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Monrovia City Mayor Begins Implementation of Light Lofa Campaign

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Monrovia City Mayor Begins Implementation of Light Lofa Campaign
(Voinjama, Lofa): Monrovia City Mayor Jefferson T. Koijee has embarked on the implementation of the Light Lofa Campaign, making sure the installation of solar street lights takes effect in various districts, cities, towns, and villages in Lofa County, targeting Voinjama, Foya District, Kolahun, Quardu Gboni, among others.
The implementation of the Light Lofa Campaign has kicked off with five hundred pieces of sophisticated solar lights, to be distributed among various districts, cities, towns, and villages in Lofa County.
Meanwhile, the five hundred sophisticated solar lights were donated to the Light Lofa Campaign by H.E. Dr. George Weah, President of Liberia, as a gift to the people of Lofa County.
 
With a mandate from President George Weah, the initiative has extended to Massabolahun, Massamai Town, Sawormai Town, and Tusu Town. This is in an effort to foster the growth and development of the county.
The Light Lofa Campaign became the order of the day ahead of the just ended July 26 Independence Day celebration in Lofa County, with sons and daughters of the land including traditional chiefs and elders, superintendents and other local authorities jubilating the good will of President Weah’s government for the electrification of their county.
 
Touring one district to another on Wednesday, July 28, 2021, the Mayor of the City Government of Monrovia, Hon. Jefferson T. Koijee, made brief stop at various towns including Suwormai Town, Tusu town, Massamai Town, Massabolahun, and Quardu Gboni.
He dropped several items such as the full solar lights setup, cartoons of copy books, footballs, and sets of jersey.
The Mayor who served as messenger on behalf of the President in presenting the lights and items to the good people of Lofa, received a rousing welcome and warmth reception. The imam, elders, chiefs, youth chairperson, the women chairlady, and children all joined hands and offered prayers for Mayor Koijee for his kindness and sincerity towards them.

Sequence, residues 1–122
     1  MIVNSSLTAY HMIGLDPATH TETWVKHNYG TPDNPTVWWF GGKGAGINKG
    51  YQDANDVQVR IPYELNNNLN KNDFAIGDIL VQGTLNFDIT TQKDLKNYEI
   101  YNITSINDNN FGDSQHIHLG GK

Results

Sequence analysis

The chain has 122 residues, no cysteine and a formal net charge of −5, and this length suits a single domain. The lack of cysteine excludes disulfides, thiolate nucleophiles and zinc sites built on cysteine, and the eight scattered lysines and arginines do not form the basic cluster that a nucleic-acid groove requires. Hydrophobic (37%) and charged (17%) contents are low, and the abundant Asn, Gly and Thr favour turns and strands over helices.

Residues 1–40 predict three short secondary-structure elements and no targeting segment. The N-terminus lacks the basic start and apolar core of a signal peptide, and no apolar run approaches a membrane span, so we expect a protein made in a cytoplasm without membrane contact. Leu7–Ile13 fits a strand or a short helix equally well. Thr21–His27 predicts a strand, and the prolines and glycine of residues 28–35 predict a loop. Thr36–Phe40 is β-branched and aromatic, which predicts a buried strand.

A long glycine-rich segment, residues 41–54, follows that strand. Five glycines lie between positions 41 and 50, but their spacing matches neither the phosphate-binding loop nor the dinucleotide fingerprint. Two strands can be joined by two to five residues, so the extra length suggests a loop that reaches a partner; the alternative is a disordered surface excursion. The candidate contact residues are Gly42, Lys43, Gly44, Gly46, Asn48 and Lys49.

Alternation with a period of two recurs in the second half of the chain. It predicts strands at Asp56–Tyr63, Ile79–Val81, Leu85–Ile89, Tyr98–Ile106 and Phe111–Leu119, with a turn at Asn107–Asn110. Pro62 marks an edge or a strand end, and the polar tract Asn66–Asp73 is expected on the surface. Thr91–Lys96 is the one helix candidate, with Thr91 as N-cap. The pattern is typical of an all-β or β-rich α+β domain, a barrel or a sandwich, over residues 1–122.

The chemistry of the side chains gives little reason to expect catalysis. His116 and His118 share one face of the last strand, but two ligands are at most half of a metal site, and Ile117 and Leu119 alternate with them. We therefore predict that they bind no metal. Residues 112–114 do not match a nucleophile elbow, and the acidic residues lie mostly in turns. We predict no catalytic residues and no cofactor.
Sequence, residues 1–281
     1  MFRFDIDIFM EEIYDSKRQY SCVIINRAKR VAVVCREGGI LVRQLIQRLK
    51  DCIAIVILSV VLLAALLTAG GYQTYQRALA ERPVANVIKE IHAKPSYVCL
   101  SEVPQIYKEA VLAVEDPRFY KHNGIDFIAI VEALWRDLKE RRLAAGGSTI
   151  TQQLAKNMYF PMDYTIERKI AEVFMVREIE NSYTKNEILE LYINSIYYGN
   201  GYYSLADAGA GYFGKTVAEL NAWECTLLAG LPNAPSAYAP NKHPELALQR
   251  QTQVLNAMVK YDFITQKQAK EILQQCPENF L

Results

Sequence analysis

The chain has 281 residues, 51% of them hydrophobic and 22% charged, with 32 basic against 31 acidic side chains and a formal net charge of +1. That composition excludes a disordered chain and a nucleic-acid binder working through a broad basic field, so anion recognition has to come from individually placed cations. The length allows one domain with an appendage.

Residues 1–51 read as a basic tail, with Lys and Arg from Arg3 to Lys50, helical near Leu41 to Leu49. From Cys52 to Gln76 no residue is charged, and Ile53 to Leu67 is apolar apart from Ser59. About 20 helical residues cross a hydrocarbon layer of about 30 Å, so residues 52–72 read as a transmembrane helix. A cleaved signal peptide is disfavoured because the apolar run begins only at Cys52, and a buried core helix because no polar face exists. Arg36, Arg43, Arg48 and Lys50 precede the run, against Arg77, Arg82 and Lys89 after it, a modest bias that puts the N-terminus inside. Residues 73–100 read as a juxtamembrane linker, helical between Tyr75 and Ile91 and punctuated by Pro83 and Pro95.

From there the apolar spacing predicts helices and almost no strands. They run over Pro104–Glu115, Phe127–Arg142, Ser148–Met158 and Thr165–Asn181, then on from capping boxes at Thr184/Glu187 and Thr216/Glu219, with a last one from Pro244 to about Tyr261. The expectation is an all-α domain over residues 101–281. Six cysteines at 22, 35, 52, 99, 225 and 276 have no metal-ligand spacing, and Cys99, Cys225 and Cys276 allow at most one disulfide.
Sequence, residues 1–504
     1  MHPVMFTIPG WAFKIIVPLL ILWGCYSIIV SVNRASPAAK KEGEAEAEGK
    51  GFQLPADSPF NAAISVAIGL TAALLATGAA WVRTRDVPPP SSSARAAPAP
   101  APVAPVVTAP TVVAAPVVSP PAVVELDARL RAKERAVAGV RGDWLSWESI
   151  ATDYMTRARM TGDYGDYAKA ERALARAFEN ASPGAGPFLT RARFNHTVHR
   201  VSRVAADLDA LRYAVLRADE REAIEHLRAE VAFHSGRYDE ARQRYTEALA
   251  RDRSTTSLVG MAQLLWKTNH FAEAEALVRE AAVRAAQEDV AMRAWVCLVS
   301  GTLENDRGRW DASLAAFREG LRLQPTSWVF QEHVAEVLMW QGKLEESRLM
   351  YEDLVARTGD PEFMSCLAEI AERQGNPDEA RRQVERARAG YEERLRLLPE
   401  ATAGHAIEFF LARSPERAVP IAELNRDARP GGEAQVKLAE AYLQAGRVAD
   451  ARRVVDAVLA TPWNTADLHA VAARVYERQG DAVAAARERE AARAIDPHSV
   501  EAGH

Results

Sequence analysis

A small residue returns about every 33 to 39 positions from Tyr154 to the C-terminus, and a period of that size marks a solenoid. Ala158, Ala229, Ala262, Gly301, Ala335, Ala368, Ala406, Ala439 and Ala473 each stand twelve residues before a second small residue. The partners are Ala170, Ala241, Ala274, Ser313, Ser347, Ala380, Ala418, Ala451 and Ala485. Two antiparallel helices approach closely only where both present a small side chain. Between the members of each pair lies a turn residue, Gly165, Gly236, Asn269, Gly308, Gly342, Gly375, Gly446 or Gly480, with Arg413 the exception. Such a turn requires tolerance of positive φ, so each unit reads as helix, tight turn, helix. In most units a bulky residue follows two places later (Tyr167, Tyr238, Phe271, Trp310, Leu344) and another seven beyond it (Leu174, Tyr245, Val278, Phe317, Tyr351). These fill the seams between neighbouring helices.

Mayor Koijee is always preaching the development message of the President while at the same time encouraging the people of Lofa to constantly wear their nose masks and wash their hands and as well observe all other COVID-19 health protocols.
“See me as your messenger from the Father of the land, President Dr. George M. Weah to come celebrate the independence day with you and to present these lights as a gift and as an initiative to the sons and daughters of Lofa”, Mayor Koijee emphasized.
The people of Lofa extolled Monrovia City Mayor Jefferson T. Koijee for implementing the mandate of the President and for the Light Lofa initiative. Mayor Koijee was gowned with customized Liberian country cloth.
 
Finally, the people of Suwormai Town gowned Mayor Koijee with a Liberian customized country cloth and presented two bags of grand pea, a gallon of red oil, a gallon of palm wine and kolanuts. Other towns and villages did show gratification to the President through the Mayor.

“GOD GAVE US THIS PEACE”; Prince Y. Johnson Tells Liberians

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“GOD GAVE US THIS PEACE”; Prince Y. Johnson Tells Liberians
Written By: G. Augustine Dahn, Sr.
+231880668120/777505086
dahnaugustine199200@gmail.com
GANTA, July 28, (NTV): The peace and stability Liberia currently enjoys can be traced to the signing of the Accra Comprehensive Peace Agreement which was the final peace agreement in the Second Liberian Civil War signed on August 18, 2004, in Accra, Ghana.
It was created following the signing of a ceasefire agreement on June 17, 2004, an “intensive back-door negotiations” beginning on June 4 in Akosombo, Ghana.
 
Signatories to the Accra Peace Agreement included the Government of the Republic of Liberia, the Liberians United for Reconciliation and Democracy (LURD) and the Movement for Democracy in Liberia (MODEL).
Additionally, a number of political parties signed including the National Patriotic Party, Unity Party, Liberian People’s Party, National Reformation Party, Labor Party, Liberia Unification Party, Liberian Action Party, People’s Democratic Party, National democratic Party and Free Democratic Party.
 
Others were the Reformation Alliance Party, All-Liberian Coalition Party, True Whig Party, United People’s Party, Liberia National Union, Equal Rights Party, Progressive Peoples Party, and the New Deal Movement.
The Agreement called for the establishment of a post-war two-year transitional government (National Transitional Government of Liberia) which would consist of 76 members: 12 each from the three warring parties; 18 from political parties; seven from civil society and special interest groups; and one from each of Liberia’s 15 counties.
 
The warring parties, the opposition parties and civil society groups agreed to share ministerial portfolios and employment opportunities in the cabinet and parliament and elections were to be held no later than 2005.
The peace agreement covered a broad range of intended reforms; committing to a human rights inquiry through a truth commission, and vetting of the security forces on human rights grounds.